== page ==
A fun-to-drive demeanor and a wide range of models have kept the Fiesta interesting, but a cramped interior and poor crash test results, among other things, keep it from being the best choice for a subcompact.

Pricing and Equipment

The 2017 Fiesta is available as a sedan or hatchback in four trim levels (S, SE, Titanium, and ST). Prices start at $14,535 (including an $875 destination charge) for the entry-level S sedan, and top out at around $26,000 for a fully optioned, hatchback-and-manual-only ST performance model. While it's pricey at $19,825, the Fiesta Titanium Hatchback will likely be a popular choice because of its standard dual-clutch automatic transmission and strong roster of standard equipment. Features include:

  • Heated front seats
  • Sync 3
  • Push-button start
  • SiriusXM satellite radio
  • Leather upholstery
  • 16-inch alloy wheels

Another benefit of going with the Fiesta Titanium is the relatively tiny options list. Noteworthy extras include an $845 sunroof, a $795 navigation upgrade for the standard touchscreen infotainment system, and a $90 Smoker's Package. That's it. All told, you can score a fully loaded Fiesta Titanium for just $21,555.

The 2017 Fiesta comes with a choice of three engines. The first is a 120-horsepower, 1.6-liter four-cylinder that's standard on S, SE, and Titanium models, matched to either a five-speed manual or optional six-speed dual clutch automatic (the automatic is standard on Titanium models). The second is a 123-hp, turbocharged, 1.0-liter three-cylinder engine that's offered as a $995 option on SE models with a manual transmission – if you select an SE, this engine is worth every penny.

The third engine is a 197-hp, turbocharged 1.6-liter, four-cylinder that, matched with a six-speed manual, is the only offered on the ST. As the standard stick and impressive power output might suggest, the Fiesta ST is a hot hatchback, and therefore an entirely different pack of tamales, offering a much more aggressive handling profile, stouter brakes, and a sportier interior focused around the heavily bolstered front seats.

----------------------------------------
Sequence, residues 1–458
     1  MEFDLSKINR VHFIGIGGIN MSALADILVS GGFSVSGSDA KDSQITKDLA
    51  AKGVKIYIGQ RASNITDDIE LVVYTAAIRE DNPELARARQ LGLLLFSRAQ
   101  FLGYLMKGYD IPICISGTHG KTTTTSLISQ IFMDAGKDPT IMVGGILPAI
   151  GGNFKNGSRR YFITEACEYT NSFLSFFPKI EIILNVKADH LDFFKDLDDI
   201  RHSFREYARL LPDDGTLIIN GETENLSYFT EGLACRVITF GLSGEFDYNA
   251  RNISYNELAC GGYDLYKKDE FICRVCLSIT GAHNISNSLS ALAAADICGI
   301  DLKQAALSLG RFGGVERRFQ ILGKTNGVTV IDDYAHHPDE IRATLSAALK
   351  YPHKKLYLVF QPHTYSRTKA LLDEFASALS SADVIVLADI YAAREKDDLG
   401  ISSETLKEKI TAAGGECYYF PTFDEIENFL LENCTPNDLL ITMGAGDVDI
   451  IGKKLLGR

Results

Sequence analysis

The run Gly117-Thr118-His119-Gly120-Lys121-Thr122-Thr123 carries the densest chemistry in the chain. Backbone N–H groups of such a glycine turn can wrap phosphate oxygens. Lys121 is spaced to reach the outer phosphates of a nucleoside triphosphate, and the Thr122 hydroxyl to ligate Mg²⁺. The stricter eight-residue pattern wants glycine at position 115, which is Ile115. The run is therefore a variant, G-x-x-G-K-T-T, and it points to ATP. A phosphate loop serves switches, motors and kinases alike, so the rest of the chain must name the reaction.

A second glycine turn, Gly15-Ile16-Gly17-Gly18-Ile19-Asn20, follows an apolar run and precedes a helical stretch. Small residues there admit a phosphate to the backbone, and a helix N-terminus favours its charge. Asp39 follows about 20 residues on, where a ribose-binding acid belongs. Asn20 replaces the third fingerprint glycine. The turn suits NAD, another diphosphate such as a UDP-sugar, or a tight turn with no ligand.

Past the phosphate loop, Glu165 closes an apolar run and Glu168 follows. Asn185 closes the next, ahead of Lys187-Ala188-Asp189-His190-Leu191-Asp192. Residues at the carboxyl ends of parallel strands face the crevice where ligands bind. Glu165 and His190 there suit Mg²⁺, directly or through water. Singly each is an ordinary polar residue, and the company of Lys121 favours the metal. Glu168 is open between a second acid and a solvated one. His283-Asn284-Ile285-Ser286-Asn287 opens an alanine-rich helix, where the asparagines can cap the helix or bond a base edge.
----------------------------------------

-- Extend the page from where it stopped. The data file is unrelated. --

The main ST-specific options are a $1,995 package that adds a handsome set of heated Recaro racing seats and (for some reason) heated side mirrors and a black wheel package that includes red brake calipers for $375. Otherwise, optional extras and prices mirror the Titanium.

Performance Pros

Ford Fiesta
  • The tiny 1.0-liter, three-cylinder turbo is a hoot, with diesel-like low-end torque that makes city driving easy.
  • The 1.6-liter turbo elevates the ST model into true performance hatchback territory – Fiat 500 Abarth and Mini Cooper S owners, beware.
  • Responsive steering and nimble handling set the Fiesta apart from the rest of the competition in the subcompact class.

Performance Cons

  • The dual-clutch transmission detracts from the overall driving experience with upshifts and downshifts that aren't nearly as smooth or seamless as a traditional automatic. It's also been saddled with a series of technical service bulletins and is currently subject to a mass-action lawsuit.
  • The chassis tends to bounce over potholes and other road irregularities.
  • The Fiesta fared poorly in federal crash testing.

Interior Pros

  • Interior trim and materials are better than average for a subcompact.
  • The ST's Recaro seats are fantastically supportive, even though the bolsters hinder ingress and egress.
  • The driving position is excellent, provided you fit.
  • Trunk space in the sedan is fairly roomy for the segment at 12.8 cubic feet.

Interior Cons

Ford Fiesta
  • Up front, the seats don't offer much in the way of support (ST aside).
  • Back seat space is tight, with room for only two adults, while the ST's Recaro seats make that space even tighter.
  • Versatility is hampered because the 60/40 split back seat doesn't fold flat, while the hatchback's storage capacity is less than half that of the class-leading Honda Fit.

The Most Pleasant Surprise

Although the ST is especially fun to drive, the entire Fiesta lineup possesses agile handling and excellent steering. On top of that and despite only a mild refresh in seven years, the Fiesta's styling – especially the hatchback – still looks good, inside and out.

The Least Pleasant Surprise

The unreliable and clunky dual-clutch transmission is bad enough to warrant avoiding automatic-equipped Fiestas. And with manual-trans models subject to the same lousy crash test ratings, the Fiesta has some big demerits.

The Bottom Line

Although it once was a standout in the subcompact segment, a sloppy automatic and poor safety scores mean the Ford Fiesta should no longer top car buyer's lists.